Piping Mechanism: Pipe facility allows the o/p of one command to be used as input to another UNIX command e.g. who | wc. The program that performs simple functions can easily be connected to perform more complex functions minimizing the need to develop new program.
Meta Character Facility: Shell recognizes “*”,”?” or “[..]” as a special characters when reading the arguments from the command line, shell than perform file name expansionthis list before executing the requested program. E.g. ls s* (enter) Displays the file or directories starting with s character.
Background Processing: Multitasking facility allows the user to run command in the background. This allows the command to be processed while the user can proceed with other task when a background task is completed, the user is notified.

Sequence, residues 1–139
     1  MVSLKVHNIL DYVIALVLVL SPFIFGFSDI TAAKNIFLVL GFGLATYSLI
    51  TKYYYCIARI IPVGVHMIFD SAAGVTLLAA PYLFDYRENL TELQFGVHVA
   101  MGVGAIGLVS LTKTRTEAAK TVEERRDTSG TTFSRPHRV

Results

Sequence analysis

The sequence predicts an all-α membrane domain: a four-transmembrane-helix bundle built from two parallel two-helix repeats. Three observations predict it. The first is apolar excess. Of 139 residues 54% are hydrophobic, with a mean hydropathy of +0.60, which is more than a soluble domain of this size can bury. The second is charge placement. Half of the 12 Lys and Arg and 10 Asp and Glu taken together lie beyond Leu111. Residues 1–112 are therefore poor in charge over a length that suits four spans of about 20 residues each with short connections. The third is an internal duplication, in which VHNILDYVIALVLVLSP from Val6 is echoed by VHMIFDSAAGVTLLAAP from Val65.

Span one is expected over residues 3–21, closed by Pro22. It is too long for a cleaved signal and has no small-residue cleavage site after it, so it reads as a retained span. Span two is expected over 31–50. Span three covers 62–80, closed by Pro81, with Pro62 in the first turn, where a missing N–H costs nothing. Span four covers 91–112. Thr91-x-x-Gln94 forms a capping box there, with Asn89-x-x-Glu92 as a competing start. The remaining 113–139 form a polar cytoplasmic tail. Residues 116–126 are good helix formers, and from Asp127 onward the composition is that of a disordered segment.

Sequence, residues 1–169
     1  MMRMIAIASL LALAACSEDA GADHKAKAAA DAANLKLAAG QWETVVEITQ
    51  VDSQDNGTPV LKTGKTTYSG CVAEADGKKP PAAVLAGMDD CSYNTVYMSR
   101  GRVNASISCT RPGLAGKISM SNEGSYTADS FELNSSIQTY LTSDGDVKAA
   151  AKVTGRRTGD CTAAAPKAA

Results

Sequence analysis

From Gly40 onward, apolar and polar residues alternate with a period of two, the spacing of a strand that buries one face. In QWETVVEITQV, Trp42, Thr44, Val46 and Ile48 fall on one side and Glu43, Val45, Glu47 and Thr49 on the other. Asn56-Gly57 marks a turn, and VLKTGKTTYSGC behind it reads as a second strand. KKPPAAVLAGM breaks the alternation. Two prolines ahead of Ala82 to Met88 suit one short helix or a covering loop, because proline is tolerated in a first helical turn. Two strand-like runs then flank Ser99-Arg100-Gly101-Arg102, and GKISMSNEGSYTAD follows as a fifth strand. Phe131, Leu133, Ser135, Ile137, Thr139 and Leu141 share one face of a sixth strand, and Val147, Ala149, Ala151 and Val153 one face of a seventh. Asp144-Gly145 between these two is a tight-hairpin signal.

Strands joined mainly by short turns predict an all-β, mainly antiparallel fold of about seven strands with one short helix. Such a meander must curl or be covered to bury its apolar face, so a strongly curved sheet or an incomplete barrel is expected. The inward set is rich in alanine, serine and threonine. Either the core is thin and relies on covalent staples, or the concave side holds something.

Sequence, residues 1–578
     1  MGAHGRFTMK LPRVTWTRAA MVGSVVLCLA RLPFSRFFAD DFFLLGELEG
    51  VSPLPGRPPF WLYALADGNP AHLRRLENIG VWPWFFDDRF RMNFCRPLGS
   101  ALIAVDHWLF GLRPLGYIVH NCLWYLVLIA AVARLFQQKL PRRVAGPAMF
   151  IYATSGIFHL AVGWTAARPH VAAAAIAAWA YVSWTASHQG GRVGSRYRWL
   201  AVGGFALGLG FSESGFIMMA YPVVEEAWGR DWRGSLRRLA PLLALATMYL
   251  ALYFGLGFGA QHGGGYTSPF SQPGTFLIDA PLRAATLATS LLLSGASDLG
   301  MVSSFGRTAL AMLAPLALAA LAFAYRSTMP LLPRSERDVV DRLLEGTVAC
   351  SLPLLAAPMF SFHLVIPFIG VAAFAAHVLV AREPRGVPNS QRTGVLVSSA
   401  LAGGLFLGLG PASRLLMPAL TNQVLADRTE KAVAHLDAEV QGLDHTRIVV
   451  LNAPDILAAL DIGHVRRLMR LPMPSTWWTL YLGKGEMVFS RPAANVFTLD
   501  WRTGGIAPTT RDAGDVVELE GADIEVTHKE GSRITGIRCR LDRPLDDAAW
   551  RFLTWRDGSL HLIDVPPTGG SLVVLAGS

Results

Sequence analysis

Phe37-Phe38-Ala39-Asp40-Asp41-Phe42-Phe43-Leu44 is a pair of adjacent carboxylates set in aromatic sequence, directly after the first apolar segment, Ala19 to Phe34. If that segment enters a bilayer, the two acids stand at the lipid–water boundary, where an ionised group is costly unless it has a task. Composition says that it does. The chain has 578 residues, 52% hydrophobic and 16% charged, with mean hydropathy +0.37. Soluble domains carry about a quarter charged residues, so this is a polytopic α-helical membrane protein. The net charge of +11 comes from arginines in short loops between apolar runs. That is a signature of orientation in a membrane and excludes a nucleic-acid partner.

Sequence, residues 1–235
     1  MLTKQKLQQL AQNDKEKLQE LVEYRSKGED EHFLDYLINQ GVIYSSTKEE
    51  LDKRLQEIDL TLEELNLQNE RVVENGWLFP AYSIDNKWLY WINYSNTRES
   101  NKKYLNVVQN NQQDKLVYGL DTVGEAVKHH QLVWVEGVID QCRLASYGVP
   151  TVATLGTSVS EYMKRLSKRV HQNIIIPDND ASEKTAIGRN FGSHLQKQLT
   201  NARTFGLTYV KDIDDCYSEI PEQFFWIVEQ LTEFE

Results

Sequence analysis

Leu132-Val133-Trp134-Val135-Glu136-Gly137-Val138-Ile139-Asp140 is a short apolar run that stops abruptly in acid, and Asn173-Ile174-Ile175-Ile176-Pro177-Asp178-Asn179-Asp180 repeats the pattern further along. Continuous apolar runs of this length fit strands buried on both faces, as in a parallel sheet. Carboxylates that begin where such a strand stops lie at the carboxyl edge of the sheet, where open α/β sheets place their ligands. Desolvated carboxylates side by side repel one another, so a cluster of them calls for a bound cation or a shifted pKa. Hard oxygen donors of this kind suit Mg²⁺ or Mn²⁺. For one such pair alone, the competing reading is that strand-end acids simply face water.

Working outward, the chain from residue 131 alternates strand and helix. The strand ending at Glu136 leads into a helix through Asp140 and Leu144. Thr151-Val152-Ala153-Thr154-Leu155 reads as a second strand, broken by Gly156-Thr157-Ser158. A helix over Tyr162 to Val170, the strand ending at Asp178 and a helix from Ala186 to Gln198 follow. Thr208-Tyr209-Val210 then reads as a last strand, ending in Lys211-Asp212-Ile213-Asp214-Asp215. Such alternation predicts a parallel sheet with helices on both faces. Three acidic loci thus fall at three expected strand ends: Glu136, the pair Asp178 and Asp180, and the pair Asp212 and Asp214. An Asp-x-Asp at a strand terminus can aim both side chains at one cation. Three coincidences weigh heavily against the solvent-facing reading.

Customized Environment: The shell is your working environment facilities are available by which the shell can be customized for your personal need.
Programming Language: The shell includes features that allow it to be used as programming language. This feature can be used to build shell script that performscomplex operations.
Shell variables: The user can control the behavior of the shell as well as other programs & utilities by storing data in variables.
The kernel is the core of the operating system. Kernel is mostly written in C. It is loaded into memory when the system is booted and communicates directly with the hardware.
User programs that need to access the hardware use the services of the kernel, which performs the job on the user’s behalf. The programs access kernel through set of functions called system calls. The kernel program is usually stored in a file called “Unix”.